THE PORTS: I thought the itinerary was a good balance between small little towns and larger cities. We boarded in Avignon but sailed the first night to Tarascon. Tarascon is a small town right on the river, but other than a beautiful old castle and church, there isn't much to see. The tour that day was to the nearby city of Arles which has a long history and some of the best preserved Roman ruins of any place in France. This was a great balance---morning in Arles, back on board for lunch and then a few hours of free time to explore Tarascon (or other surrounding areas). That evening we sailed back to Avignon and then spent the next day exploring there. Uniworld offered several choices each day for excursions. For Avignon, there was an option to visit the nearly Pont du Gard (famous Roman aqueducts). I had wanted to visit there for years, so this was my selection. Same scenario---went on that excursion in the morning and then had free time all afternoon and early evening in Avignon. I had plenty of time to explore the city and see the Palace du Popes (highlight of Avignon). The third day we explored a little hilltop village called Viviers. We explored with a guide and then had a private organ concert in the smallest operating cathedral in France. It was amazing and something I couldn't have done on my own. The next day we were in Tain L'Hermitage which is known for its wines (and for the Valrhona chocolate factory and museum). I chose the active excursion which was a gorgeous hike up into the vineyards. There were a few wine tastings after the hike, but my friend and I decided that we wanted more time at the chocolate museum, so we left the excursion and started the free time early. That was the nice part of river cruising---there are excursions and guides if you want them or you can go off and explore on your own. Next was Lyon, which is huge compared to other ports on this sailing. We explored the old city and visited the Paul Bocuse food market---Paul Bocuse was very famous chef that helped put Lyon on the culinary map. The final port was on the Saône River (which also flows through Lyon---there is a confluence just out of town), but the water levels were too high for us (and all of the ships) to sail, so we stayed docked in Lyon and had to travel a bit further by bus to visit Beaune in the Burgundy region. We visited on Saturday, which is the market day, so that is always exciting. I chose to try one of Uniworld Masterpiece excursions that afternoon (these are optional and come at an additional cost) to visit a private château and winery owned by a count (sort of like a knight). We were a small group and were able to sample several of the wines before being treated to a a traditional lunch and tour of the chatâteau (that the count and his family live in). For me, this was definitely one of the highlights of the trip!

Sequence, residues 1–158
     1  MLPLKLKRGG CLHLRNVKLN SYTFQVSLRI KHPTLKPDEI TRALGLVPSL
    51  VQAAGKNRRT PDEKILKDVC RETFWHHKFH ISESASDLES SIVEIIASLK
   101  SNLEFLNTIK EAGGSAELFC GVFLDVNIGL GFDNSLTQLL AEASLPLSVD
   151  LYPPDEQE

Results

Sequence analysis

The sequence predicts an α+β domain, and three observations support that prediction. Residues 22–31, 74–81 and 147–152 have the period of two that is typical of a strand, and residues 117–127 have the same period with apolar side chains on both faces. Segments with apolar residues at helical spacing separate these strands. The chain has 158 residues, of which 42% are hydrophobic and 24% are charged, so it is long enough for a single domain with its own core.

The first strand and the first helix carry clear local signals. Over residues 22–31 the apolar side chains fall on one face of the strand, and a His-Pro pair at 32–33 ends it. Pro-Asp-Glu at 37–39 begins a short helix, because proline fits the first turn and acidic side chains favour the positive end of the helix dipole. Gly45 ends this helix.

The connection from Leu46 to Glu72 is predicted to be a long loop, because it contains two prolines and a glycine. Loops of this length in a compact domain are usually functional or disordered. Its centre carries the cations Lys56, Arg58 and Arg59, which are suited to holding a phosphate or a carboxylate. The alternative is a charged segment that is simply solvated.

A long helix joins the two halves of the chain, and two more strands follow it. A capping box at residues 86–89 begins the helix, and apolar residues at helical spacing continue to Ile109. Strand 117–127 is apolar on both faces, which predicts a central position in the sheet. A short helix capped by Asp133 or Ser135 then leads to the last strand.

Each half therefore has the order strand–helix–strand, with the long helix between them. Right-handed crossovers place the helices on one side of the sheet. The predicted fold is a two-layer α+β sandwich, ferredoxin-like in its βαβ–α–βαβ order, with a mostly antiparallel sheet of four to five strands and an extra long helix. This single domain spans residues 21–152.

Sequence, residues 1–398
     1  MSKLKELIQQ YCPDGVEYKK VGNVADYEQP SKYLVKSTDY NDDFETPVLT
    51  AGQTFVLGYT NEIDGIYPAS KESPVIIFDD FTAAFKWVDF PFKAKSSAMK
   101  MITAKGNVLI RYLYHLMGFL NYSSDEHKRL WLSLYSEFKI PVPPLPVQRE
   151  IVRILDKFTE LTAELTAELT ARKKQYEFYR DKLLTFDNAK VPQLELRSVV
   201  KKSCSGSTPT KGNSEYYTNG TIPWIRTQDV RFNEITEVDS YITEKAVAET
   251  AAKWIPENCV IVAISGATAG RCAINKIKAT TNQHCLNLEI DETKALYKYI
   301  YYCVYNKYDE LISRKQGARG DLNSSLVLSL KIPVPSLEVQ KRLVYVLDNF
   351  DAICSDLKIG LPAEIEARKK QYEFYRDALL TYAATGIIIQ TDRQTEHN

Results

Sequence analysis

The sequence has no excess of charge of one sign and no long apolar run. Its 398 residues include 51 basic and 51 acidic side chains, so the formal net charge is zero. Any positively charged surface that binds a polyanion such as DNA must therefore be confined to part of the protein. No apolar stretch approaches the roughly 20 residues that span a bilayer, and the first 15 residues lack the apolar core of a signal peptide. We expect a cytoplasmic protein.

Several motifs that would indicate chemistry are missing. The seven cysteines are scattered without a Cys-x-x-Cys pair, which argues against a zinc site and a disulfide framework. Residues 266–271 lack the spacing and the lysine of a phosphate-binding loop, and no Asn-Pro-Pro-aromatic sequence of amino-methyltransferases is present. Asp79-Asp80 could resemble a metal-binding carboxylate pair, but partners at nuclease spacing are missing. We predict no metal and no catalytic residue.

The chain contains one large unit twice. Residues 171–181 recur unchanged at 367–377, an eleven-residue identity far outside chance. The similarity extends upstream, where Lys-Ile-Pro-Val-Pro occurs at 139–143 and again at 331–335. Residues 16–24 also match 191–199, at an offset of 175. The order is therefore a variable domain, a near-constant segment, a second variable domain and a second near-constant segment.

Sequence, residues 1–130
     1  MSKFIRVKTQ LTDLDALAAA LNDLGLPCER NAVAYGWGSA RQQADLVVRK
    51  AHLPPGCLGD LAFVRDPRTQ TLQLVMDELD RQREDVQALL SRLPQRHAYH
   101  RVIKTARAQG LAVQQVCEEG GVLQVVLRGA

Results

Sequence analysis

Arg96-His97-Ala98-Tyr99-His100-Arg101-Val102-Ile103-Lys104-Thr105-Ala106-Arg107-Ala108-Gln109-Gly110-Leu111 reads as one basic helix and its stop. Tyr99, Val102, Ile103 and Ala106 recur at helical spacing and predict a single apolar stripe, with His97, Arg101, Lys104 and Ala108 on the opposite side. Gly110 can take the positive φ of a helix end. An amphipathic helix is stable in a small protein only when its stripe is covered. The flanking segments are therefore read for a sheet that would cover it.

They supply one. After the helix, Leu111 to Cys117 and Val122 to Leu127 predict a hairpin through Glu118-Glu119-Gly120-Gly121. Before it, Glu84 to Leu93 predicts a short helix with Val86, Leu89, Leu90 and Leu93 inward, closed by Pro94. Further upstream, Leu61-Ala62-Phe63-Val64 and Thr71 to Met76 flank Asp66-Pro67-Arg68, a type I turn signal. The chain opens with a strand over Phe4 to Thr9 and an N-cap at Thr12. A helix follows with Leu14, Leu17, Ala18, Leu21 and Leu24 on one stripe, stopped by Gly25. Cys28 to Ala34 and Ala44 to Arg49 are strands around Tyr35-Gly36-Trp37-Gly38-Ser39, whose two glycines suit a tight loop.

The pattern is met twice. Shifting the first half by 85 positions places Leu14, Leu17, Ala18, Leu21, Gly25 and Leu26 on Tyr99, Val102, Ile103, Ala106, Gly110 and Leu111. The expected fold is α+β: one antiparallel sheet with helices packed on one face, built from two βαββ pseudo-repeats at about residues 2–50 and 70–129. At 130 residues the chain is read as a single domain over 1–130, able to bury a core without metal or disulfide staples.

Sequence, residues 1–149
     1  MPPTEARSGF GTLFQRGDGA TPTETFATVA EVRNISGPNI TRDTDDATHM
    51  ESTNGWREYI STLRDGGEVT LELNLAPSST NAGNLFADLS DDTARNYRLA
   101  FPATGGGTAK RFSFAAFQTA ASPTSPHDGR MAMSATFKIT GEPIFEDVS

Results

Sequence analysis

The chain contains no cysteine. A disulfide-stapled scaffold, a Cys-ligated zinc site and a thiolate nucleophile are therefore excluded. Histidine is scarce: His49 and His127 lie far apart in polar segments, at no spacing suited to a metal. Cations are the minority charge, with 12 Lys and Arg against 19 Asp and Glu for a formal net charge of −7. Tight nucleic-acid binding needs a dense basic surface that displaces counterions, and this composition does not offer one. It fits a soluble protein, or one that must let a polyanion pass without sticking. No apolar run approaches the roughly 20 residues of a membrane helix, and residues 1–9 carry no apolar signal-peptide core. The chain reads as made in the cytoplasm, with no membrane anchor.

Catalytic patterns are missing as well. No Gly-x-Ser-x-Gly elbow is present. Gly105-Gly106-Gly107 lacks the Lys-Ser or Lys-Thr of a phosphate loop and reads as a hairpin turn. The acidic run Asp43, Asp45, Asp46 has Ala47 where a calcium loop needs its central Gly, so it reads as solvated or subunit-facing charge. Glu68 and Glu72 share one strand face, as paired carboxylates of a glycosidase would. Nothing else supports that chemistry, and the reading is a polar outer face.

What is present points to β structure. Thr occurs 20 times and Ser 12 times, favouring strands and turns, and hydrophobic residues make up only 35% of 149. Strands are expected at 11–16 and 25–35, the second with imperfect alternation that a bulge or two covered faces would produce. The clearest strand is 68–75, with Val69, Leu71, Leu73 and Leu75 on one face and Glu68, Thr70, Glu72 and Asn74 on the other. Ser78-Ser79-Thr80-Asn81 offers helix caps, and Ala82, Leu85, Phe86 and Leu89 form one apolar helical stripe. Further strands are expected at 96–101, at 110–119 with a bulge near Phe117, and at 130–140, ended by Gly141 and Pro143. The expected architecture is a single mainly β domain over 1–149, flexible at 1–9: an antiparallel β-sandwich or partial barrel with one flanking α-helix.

Aren't the photos beautiful?? Makes me miss France already :)